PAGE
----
Excitatory Amino Acid Receptors Coupled to the Nitric Oxide/Cyclic GMP Pathway in Rat Cerebellum During Development

Excitatory Amino Acid Receptors Coupled to the Nitric Oxide/Cyclic GMP Pathway in Rat Cerebellum... Abstract: The coupling of excitatory amino acid receptors to the formation of nitric oxide (NO) from arginine during the postnatal development of rat cerebellum was assayed in slice preparations by measuring cyclic GMP accumulation. In the immature tissue, N‐methyl‐D‐aspartate (NMDA) and glutamate were highly efficacious agonists, whereas α‐amino‐3‐hydroxy‐5‐methyl‐4‐isoxazolepropionate (AMPA) and quisqualate evoked only small responses. The effect of glutamate at all concentrations tested (up to 10 mM) was abolished by the NMDA antagonist, (+)‐5‐methyl‐10,11‐dihydro‐5H‐dibenzo(a,d)cyclohepten‐5,10‐imine maleate (MK‐801). In adult slices, AMPA and quisqualate were much more effective and their effects were inhibited by 6‐cyano‐7‐nitroquinoxaline‐2,3‐dione, an antagonist for ionotropic non‐NMDA receptors, whereas the apparent efficacy of NMDA was greatly reduced. The major changes took place between 8 and 14 days postnatum and, in the case of NMDA, part of the loss of sensitivity appeared to reflect a decline in the ambient levels of glycine with age. Moreover, a component of the response to glutamate in the adult was resistant to MK‐801. Cyclic GMP accumulations induced by NMDA and non‐NMDA agonists alike were Ca2+‐dependent and could be antagonized by competitive NO synthase inhibitors in an arginine‐sensitive manner, indicating that they are all mediated by NO formation. With one of the inhibitors, L‐NG‐nitroarginine, a highly potent component (IC50= 6 nM) evident in slices from rats of up to 8 days old was lost during maturation, indicating that there may be a NO synthase isoform which is prominent only in the immature tissue. Cyclic GMP levels in adult slices under “basal” conditions were reduced markedly by blocking NMDA receptors, by inhibiting action potentials with tetrodotoxin, or by NO synthase inhibition, suggesting that the endogenous transmitter released during spontaneous synaptic activity acts mainly through NMDA receptors to trigger NO formation. http://www.deepdyve.com/assets/images/DeepDyve-Logo-lg.png Journal of Neurochemistry Wiley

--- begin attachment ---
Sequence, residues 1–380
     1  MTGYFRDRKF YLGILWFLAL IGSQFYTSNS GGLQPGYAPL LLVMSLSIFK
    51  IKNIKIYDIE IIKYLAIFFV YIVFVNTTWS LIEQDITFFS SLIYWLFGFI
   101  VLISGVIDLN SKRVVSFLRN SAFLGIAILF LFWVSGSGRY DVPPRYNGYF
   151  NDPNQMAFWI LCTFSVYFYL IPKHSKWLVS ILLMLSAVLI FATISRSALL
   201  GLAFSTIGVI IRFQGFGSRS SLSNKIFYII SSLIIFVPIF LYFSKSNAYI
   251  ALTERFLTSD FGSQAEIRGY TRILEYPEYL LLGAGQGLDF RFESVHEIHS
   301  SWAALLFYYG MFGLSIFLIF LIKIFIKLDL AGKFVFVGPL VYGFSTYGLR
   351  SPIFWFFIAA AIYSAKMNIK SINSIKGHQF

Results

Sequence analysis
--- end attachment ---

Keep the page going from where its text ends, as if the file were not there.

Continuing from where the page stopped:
Excitatory Amino Acid Receptors Coupled to the Nitric Oxide/Cyclic GMP Pathway in Rat Cerebellum During Development

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Publisher
Wiley
Copyright
Copyright © 1991 Wiley Subscription Services, Inc., A Wiley Company
ISSN
0022-3042
eISSN
1471-4159
DOI
10.1111/j.1471-4159.1991.tb03468.x
Publisher site
See Article on Publisher Site

Abstract

Abstract: The coupling of excitatory amino acid receptors to the formation of nitric oxide (NO) from arginine during the postnatal development of rat cerebellum was assayed in slice preparations by measuring cyclic GMP accumulation. In the immature tissue, N‐methyl‐D‐aspartate (NMDA) and glutamate were highly efficacious agonists, whereas α‐amino‐3‐hydroxy‐5‐methyl‐4‐isoxazolepropionate (AMPA) and quisqualate evoked only small responses. The effect of glutamate at all concentrations tested (up to 10 mM) was abolished by the NMDA antagonist, (+)‐5‐methyl‐10,11‐dihydro‐5H‐dibenzo(a,d)cyclohepten‐5,10‐imine maleate (MK‐801). In adult slices, AMPA and quisqualate were much more effective and their effects were inhibited by 6‐cyano‐7‐nitroquinoxaline‐2,3‐dione, an antagonist for ionotropic non‐NMDA receptors, whereas the apparent efficacy of NMDA was greatly reduced. The major changes took place between 8 and 14 days postnatum and, in the case of NMDA, part of the loss of sensitivity appeared to reflect a decline in the ambient levels of glycine with age. Moreover, a component of the response to glutamate in the adult was resistant to MK‐801. Cyclic GMP accumulations induced by NMDA and non‐NMDA agonists alike were Ca2+‐dependent and could be antagonized by competitive NO synthase inhibitors in an arginine‐sensitive manner, indicating that they are all mediated by NO formation. With one of the inhibitors, L‐NG‐nitroarginine, a highly potent component (IC50= 6 nM) evident in slices from rats of up to 8 days old was lost during maturation, indicating that there may be a NO synthase isoform which is prominent only in the immature tissue. Cyclic GMP levels in adult slices under “basal” conditions were reduced markedly by blocking NMDA receptors, by inhibiting action potentials with tetrodotoxin, or by NO synthase inhibition, suggesting that the endogenous transmitter released during spontaneous synaptic activity acts mainly through NMDA receptors to trigger NO formation.

Journal

Journal of NeurochemistryWiley

Published: Jun 1, 1991

References

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